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COMMONWEALTH PENNSYLVANIA v. JOHN SHANNON (12/15/76)

decided: December 15, 1976.

COMMONWEALTH OF PENNSYLVANIA
v.
JOHN SHANNON, JR., APPELLANT



Appeal from the Judgment of Sentence of the Court of Common Pleas, Criminal Division, of Lehigh County, at Nos. 510/512 of 1974. No. 896 October Term, 1976.

COUNSEL

William H. Platt, Public Defender, Allentown, for appellant.

Lynn H. Cole, Asst. Dist. Atty., and George J. Joseph, Dist. Atty., Allentown, for appellee.

Watkins, President Judge, and Jacobs, Hoffman, Cercone, Price, Van der Voort and Spaeth, JJ. Hoffman and Spaeth, JJ., dissent for the reasons set forth in Commonwealth v. Carter, Author: Per Curiam

[ 244 Pa. Super. Page 324]

Appellant was charged with conspiracy to commit burglary, attempt to commit burglary on January 24, 1973 and other offenses. He was found guilty of conspiracy to commit criminal trespass and attempt to commit criminal trespass as well as other offenses which will be discussed later in this opinion.

The appellant rang the doorbell of a home while standing at the kitchen door. This occurred at about noon on January 24, 1974. The lady of the house heard the bell but did not open the door although she observed the appellant through a window. The appellant then walked away from the house and shortly thereafter returned and rang the doorbell again. The doorbell again went unanswered, but the occupant of the house observed one of two locks on the kitchen door moving and noticed that the kitchen door was opened about a quarter of an inch and only the safety lock prevented the door from being opened all the way. Appellant was again observed at the kitchen door. The occupant knocked at the kitchen window and the appellant "froze" and dropped a metallic object. The homeowner then telephoned the police and when she again looked out the window the appellant and metal object were no longer there.

When the police arrived, the woman described the appellant and a description was given over the police radio. Other police joined in the search and the appellant's description was given to some construction workers engaged in building townhouses in the vicinity. Shortly thereafter, some of the workmen observed the appellant and another man. The appellant was going from door to door in the townhouses looking in the windows and attempting to open the doors. The other man stood between the buildings while the appellant tried the doors and then moved to the next building when the appellant tried to open the doors on that building. The police were notified and when they arrived at the scene, the appellant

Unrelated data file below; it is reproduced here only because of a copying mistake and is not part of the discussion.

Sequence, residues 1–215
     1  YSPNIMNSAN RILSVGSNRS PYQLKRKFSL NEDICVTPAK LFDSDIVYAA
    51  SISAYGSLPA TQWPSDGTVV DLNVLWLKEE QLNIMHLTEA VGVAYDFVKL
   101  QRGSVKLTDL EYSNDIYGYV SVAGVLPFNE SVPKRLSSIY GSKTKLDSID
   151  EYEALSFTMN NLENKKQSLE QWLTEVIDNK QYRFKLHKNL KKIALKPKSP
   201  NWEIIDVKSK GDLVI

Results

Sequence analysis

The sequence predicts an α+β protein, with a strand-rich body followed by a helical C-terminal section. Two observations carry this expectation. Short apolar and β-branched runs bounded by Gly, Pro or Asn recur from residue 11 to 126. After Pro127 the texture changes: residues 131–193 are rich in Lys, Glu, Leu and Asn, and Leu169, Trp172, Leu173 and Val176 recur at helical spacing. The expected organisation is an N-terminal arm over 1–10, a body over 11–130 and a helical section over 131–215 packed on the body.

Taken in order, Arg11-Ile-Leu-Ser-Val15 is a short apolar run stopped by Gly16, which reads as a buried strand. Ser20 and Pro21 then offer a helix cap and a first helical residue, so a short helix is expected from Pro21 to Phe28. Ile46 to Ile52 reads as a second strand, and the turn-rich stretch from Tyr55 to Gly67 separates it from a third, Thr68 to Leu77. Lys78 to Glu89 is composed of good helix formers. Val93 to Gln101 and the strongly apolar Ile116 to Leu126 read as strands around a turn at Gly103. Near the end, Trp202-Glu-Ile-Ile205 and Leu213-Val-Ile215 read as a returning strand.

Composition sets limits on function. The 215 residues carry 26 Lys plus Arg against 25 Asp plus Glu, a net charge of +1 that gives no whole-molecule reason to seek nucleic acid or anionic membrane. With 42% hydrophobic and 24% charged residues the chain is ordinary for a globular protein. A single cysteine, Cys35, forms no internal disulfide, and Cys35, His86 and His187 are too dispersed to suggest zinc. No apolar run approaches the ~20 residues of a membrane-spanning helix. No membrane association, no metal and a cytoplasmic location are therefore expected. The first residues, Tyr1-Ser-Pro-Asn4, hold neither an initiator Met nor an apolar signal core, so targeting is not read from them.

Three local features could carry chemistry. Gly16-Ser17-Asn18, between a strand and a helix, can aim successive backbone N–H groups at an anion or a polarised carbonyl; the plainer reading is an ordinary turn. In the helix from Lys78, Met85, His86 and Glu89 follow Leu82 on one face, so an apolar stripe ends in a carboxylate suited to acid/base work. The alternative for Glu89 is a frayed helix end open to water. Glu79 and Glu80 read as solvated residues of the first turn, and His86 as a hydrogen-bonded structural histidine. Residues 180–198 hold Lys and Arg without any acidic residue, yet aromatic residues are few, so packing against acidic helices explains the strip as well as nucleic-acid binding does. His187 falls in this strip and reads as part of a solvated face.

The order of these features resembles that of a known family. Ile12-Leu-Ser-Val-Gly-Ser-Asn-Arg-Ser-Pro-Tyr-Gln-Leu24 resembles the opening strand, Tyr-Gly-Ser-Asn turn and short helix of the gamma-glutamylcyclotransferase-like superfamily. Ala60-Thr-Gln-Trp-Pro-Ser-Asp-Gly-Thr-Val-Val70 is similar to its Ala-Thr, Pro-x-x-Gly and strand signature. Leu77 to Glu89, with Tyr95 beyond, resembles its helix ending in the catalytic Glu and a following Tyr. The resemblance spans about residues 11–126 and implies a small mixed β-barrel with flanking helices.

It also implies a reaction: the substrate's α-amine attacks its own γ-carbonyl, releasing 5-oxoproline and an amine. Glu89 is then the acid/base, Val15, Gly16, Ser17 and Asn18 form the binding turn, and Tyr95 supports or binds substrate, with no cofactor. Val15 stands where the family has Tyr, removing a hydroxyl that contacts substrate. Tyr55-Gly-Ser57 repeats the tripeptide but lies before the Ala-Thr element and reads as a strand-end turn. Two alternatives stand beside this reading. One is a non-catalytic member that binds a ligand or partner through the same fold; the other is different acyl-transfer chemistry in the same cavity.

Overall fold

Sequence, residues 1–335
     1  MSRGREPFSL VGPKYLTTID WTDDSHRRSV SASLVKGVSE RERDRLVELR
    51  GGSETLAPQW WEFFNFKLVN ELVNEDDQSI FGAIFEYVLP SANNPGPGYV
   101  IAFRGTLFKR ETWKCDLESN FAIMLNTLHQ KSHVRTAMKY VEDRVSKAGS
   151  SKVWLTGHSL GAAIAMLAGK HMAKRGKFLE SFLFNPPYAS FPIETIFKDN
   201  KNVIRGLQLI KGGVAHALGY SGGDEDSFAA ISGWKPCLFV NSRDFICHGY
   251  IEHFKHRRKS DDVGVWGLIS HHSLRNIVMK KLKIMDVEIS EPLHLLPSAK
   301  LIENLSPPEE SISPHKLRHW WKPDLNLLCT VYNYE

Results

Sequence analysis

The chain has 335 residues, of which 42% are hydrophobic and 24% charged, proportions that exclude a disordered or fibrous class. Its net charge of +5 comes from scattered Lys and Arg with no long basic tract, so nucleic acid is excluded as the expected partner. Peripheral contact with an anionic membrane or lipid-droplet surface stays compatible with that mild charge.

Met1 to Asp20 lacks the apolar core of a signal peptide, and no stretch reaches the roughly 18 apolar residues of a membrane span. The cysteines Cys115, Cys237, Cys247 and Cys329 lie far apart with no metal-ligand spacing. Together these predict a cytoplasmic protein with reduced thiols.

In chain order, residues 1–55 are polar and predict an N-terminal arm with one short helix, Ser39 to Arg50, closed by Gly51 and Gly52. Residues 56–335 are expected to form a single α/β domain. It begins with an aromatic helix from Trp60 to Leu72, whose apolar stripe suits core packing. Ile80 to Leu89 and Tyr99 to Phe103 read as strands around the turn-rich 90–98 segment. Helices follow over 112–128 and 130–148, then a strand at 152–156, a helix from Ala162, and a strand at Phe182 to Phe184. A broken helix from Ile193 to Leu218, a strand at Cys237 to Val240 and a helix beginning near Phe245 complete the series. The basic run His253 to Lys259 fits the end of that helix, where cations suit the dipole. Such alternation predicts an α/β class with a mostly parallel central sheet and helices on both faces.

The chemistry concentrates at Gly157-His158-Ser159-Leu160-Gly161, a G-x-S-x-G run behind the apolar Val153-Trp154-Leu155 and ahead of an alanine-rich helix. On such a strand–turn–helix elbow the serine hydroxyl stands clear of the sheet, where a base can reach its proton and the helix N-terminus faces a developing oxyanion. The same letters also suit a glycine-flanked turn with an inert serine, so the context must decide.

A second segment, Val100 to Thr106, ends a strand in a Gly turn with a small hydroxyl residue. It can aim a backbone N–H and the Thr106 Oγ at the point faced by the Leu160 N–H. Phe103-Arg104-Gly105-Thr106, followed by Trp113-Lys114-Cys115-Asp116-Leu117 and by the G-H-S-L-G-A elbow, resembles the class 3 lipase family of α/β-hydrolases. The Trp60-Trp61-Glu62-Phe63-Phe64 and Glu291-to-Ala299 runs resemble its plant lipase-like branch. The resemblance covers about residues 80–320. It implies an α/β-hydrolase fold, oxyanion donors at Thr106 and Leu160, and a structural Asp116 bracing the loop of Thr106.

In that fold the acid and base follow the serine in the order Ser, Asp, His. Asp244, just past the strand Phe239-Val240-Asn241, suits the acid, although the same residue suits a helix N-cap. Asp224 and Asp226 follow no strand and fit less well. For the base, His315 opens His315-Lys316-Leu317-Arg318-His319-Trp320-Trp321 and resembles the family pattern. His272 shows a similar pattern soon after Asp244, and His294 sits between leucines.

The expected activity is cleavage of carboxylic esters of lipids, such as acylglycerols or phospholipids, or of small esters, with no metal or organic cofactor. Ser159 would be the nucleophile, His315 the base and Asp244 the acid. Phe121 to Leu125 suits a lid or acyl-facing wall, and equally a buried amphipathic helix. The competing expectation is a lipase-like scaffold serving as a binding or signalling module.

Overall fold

[ 244 Pa. Super. Page 325]

    was frisked. He was found in possession of a screwdriver, a pair of cutting pliers, a pair of surgical gloves and black gloves, and a ring containing several keys.

At trial the appellant admitted he and his accomplice were attempting to get into the townhouses but contended that they only wanted to look around, although they were not interested in renting any of the properties.

The indictment in this case stated that the alleged offenses occurred on January 24, 1973 when in fact they occurred on January 24, 1974. The dates are significant as the appellant was found guilty of violating the Crimes Code which was not in effect on January 24, 1973. However, it appears that the incorrect date on the indictment was a typographical error which did not in any way prejudice the appellant, nor did he object to the erroneous date in the indictment until after trial. Pa.R.Crim.P. 220 permits the court to amend the indictment to correct the date charged "provided the indictment as amended does not charge an additional or different offense." The Court corrected the date after the trial was over, and this merely conformed the indictment to the proof which may properly be accomplished after verdict if the defendant is not prejudiced thereby. Commonwealth v. Syren, 150 Pa. Super. 32, 27 A.2d 504 (1942).

There is nothing to suggest that in this case the appellant was misled by the indictment. The testimony establishes the date of the offenses as January 24, 1974, and at trial appellant admitted that he was present at the scene of the alleged offense on that date although he contended that he had no criminal intent. It is also significant that the day and month were correct in the indictment, which was erroneous only as to the year.

Next, appellant contends he could not be convicted of conspiracy to commit criminal trespass and attempt to commit criminal ...


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